God’s free choice “Election” simply means “a choice”

Posted by Pentecostal Theology in Facebook's Pentecostal Theology Group View the Original Post

God’s free choice
“Election” simply means “a choice.” The Christian doctrine of election involves a choice made by God. For Karl Barth, this doctrine — the decision of God before all time to be who he is for humanity — is the basic truth on which all other Christian truths are built. The doctrine of election involves two aspects, the electing God and the elected man. As the electing God, the Father, the Son, and the Holy Spirit together make a choice. The choice God makes is that the Son of God will become the elected man, Jesus of Nazareth.

The Triune God eternally elects, or chooses, in divine freedom, to be for humanity the God of grace and love. Therefore, in Jesus Christ, who is fully God and fully man, God is both the elector and the elected. Barth wrote, “In the midst of time it happened that God became man for our good. While underlining the uniqueness of this event, we have to reflect that this was not an accident, not one historical event among others. But it is the event which God willed from eternity.”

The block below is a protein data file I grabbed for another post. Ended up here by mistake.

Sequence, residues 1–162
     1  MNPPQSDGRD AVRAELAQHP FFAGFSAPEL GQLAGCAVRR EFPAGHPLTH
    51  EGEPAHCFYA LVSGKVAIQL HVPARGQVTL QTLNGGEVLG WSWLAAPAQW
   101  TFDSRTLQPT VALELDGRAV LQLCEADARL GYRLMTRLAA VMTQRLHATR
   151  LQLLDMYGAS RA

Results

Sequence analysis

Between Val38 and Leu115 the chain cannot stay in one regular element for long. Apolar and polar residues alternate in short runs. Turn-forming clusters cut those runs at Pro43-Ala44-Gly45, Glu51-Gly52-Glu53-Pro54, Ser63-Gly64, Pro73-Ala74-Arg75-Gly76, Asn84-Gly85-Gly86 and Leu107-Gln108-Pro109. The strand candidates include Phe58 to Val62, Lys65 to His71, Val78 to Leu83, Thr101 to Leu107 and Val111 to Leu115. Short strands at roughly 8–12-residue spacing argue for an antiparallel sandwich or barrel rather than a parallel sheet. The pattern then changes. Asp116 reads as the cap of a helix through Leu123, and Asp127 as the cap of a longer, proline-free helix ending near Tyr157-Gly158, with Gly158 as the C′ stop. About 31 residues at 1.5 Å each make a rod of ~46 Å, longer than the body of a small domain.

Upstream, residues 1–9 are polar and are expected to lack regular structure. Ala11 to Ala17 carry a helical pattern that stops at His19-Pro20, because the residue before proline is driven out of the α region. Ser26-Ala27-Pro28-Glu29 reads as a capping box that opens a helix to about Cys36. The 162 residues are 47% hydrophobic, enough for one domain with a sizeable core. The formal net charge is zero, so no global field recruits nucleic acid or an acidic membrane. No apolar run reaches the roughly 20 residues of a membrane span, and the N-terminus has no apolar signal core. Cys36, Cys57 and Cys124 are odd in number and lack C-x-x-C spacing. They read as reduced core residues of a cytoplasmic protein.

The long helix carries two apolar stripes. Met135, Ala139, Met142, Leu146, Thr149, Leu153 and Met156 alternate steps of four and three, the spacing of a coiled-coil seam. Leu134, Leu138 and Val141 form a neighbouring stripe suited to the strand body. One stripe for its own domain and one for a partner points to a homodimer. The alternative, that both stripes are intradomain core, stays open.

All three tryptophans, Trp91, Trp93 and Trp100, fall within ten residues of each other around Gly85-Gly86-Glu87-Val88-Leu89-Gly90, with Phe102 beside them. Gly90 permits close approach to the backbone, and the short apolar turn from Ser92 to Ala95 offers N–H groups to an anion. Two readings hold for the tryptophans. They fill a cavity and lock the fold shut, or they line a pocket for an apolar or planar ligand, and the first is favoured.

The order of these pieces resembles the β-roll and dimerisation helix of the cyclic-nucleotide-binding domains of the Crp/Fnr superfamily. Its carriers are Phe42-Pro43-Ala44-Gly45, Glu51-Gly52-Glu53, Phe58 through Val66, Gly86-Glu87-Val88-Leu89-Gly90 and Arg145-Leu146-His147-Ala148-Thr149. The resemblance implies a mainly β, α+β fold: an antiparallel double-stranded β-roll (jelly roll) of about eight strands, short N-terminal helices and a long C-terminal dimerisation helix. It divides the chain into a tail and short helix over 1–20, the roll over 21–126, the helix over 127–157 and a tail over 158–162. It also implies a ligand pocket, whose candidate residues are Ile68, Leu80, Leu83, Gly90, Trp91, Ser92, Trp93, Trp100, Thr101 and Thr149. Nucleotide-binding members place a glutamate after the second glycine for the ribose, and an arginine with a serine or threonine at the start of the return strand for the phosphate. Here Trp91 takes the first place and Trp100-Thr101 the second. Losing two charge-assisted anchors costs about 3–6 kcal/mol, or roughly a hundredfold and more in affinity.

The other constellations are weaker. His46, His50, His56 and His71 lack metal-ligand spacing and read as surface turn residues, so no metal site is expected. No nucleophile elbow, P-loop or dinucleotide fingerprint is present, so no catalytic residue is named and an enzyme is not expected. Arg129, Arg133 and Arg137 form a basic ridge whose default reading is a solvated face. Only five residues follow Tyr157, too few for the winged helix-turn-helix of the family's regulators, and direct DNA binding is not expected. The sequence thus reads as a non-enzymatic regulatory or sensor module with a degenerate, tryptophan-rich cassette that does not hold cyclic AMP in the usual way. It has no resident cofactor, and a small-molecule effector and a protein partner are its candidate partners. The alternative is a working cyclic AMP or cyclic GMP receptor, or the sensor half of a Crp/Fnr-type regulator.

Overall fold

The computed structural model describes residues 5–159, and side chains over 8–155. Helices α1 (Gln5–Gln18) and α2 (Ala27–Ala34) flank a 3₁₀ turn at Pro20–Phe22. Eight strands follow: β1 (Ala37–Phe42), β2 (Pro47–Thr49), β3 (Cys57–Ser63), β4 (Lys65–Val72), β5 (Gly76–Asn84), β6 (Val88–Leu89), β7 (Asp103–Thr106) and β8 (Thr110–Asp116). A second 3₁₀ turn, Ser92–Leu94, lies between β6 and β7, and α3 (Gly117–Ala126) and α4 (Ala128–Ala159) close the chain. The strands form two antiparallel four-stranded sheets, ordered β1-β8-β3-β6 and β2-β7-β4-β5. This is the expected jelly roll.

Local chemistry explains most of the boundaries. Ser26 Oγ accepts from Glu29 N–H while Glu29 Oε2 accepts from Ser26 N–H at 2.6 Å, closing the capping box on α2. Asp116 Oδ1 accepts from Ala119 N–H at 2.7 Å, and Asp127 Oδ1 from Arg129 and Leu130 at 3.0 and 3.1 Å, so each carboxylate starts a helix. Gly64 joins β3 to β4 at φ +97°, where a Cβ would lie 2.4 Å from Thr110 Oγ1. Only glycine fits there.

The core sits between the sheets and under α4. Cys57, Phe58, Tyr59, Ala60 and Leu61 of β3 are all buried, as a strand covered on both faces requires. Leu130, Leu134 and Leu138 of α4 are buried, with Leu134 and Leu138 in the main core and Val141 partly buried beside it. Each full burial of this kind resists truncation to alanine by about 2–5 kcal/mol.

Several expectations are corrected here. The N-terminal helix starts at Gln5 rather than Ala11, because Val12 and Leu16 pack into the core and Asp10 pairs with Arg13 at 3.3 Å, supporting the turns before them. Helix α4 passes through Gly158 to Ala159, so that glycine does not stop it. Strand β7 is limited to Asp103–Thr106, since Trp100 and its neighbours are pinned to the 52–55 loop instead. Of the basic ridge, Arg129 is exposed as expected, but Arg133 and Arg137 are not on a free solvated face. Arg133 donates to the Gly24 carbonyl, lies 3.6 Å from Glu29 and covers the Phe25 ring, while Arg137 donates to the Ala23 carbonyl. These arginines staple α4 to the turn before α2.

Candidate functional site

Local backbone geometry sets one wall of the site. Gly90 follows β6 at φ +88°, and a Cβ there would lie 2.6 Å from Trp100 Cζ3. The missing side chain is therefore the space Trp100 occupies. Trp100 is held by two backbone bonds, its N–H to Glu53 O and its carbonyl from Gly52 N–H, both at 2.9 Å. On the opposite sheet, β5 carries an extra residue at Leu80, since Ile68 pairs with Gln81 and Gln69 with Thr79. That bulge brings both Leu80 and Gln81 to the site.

Theologian and Barth scholar John Webster describes it this way, “God elects to be this God, God in this man, God known in and as Jesus Christ.”2 As the act of grace and love, the Son of God is elected to give of himself to become united with the Son of Man for the specific purpose to save sinful humans. This is the act of free grace where God gives “love in the deepest condescension,” that is, he reaches down to pull humans to himself (p. 10). The Son of God empties and humbles himself so that humans may be united in fellowship with God (see Philippians 2:6-8; John 17:22-24).

Cliff Spence [06/25/2015 5:29 PM]
When I teach about the Trinity I call their differences in operation positions of divine agreement. For instance, Jesus took His position as the sacrifice for sin, but this did not make Him any less than the Father or Holy Ghost.

Charles Page [06/25/2015 6:12 PM]
didn’t the Father place him in the position of sacrifice for sin and Jesus willingly submitted to this? Didn’t his baptism seal this agreement. “This is my beloved Son in whom I am well pleased”

The Roman Catholic teach that Christ was the eternal son rather than an incarnational son.

John Kissinger [07/03/2015 7:45 AM]
Barth is right. Giving humans a choice is the most important election God ever did!

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